Had it not been for Ross Jackson, it is quite possible that I would not now be living in Pukekohe. I have said that it was on my visit to Ross in the winter of 1980 that he, Richard Flinn, and I decided to work towards the establishment of a Reformed church in Pukekohe. No such decision would have been imaginable if my and Susan's relationship to Ross and Glenys Jackson had not been as close as it was.
That closeness was not obvious from the beginning of our acquaintanceship. Ross and I are rather contrasting types of person. My interests are wide-ranging, and I have a fair ability to acquire knowledge of a number of subjects. In this, Ross and I are very much alike. What I lack, and Ross possesses, is any real talent for the practical side of life. It is, nevertheless, the case that from early on, he and Glenys became Susan's and my closest friends. During the three years we lived in Auckland before moving to Yap, we helped one another in very many ways. When either of us had need of counsel, each turned to the other. It is, perhaps, simply the case that, though I am 8 years Ross's senior, he and I were at comparable stages in our spiritual history during those three years.
In 1976, Ross and Glenys moved to Balclutha for a three-year stint as a rural schoolteacher; Sue and I moved to Yap. And during the four subsequent years, our families grew pretty nearly synchronously. They and we exchanged endless communications by the exchange of cassette tapes. We were both Calvinists in outlook. We both home-schooled.
And we were both involved in computing. When Ross went to work for Interactive Applications Ltd, he advised me to send them my curriculum vitae. And in September, 1983, by pre-arrangement, I talked to Ross on the telephone.
Telephonic communication between Yap and the rest of the world was, in 1980, not trivially easy. There were two places that could talk, via radio, to telephone links via Guam. One was the Yap Communications Stations, at the airport; the other was the United States Coast Guard station in Gagil. We went to the Coast Guard station.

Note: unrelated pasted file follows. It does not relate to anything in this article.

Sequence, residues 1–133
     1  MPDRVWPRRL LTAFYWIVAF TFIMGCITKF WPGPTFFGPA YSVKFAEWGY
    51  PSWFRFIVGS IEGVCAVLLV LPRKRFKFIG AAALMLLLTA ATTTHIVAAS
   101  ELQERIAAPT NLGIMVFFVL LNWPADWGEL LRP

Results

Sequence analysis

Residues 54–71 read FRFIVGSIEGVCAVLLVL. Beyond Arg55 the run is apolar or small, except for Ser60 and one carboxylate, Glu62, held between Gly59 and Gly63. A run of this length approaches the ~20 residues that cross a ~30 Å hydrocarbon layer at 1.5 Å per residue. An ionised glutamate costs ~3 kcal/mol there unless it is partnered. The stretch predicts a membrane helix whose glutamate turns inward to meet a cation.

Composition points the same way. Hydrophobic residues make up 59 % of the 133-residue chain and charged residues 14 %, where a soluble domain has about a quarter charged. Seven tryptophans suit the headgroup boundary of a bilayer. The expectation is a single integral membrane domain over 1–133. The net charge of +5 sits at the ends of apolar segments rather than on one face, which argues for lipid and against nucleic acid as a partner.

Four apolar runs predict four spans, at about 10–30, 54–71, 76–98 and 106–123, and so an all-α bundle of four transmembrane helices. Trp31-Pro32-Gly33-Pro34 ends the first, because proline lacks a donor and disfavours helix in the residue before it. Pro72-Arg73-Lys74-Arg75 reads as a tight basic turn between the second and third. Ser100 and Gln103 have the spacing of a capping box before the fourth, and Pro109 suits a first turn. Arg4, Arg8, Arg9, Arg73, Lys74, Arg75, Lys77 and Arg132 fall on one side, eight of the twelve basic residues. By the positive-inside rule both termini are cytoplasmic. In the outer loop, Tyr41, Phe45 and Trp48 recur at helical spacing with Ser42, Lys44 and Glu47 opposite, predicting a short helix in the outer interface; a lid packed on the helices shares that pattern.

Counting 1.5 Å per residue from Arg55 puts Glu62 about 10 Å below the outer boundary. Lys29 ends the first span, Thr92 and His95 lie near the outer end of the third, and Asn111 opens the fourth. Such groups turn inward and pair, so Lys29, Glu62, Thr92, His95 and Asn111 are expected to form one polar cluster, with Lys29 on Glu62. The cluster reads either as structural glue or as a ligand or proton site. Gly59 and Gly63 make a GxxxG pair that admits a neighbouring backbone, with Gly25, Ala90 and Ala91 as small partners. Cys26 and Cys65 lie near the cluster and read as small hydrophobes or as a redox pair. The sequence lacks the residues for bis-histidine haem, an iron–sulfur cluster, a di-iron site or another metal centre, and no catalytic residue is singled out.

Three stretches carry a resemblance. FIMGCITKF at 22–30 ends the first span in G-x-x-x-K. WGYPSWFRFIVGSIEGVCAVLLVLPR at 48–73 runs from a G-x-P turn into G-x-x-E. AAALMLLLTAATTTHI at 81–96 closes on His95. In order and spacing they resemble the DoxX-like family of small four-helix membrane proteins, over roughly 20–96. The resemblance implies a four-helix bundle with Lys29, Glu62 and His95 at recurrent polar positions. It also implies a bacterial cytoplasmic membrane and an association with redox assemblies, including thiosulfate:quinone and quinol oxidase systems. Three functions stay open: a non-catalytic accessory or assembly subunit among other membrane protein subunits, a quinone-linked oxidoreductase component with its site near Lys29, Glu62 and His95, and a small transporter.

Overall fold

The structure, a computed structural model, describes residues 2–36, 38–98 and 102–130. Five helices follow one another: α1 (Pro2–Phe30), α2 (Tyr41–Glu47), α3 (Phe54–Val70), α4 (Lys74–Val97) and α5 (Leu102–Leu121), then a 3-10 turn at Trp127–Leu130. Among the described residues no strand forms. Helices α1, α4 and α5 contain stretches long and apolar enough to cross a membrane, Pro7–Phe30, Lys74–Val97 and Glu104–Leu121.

IAL wanted to hire me.
The business had rather a relaxed air about it, in fact. I told Ross that I could not simply give a month's notice and leave. That was all right. IAL would take me on whenever I was available.
It must be understood that these were early days in commercial microcomputing. It may not be the case that anyone who was capable of writing, say, a noughts-and-crosses game in BASIC could call himself a programmer and get a job - but this was not far from the truth, I think. I had done a fair job of doing what programming was needed for us in Yap during the two years previous. I had, after all, had a significant amount of programming experience using mainframe computers before that. And I had Ross's recommendation behind me.
I gave Ross to understand that I would get back to him soon, with a final word. I would talk with Susan.
I did talk with Susan. It was clear that I was fairly keen on the idea. It is quite likely that Sue's own positive feelings were as much negative ones about living in Yap as positive about moving back to New Zealand. For her, life in Yap - and life with me in Yap - were very difficult.
I recall saying to her, rather as a comment in passing, that she understood, naturally, did she not, that this was almost certain to be a one-way trip - that if we moved back to New Zealand, it was very unlikely we would ever leave.
She burst into astonished tears.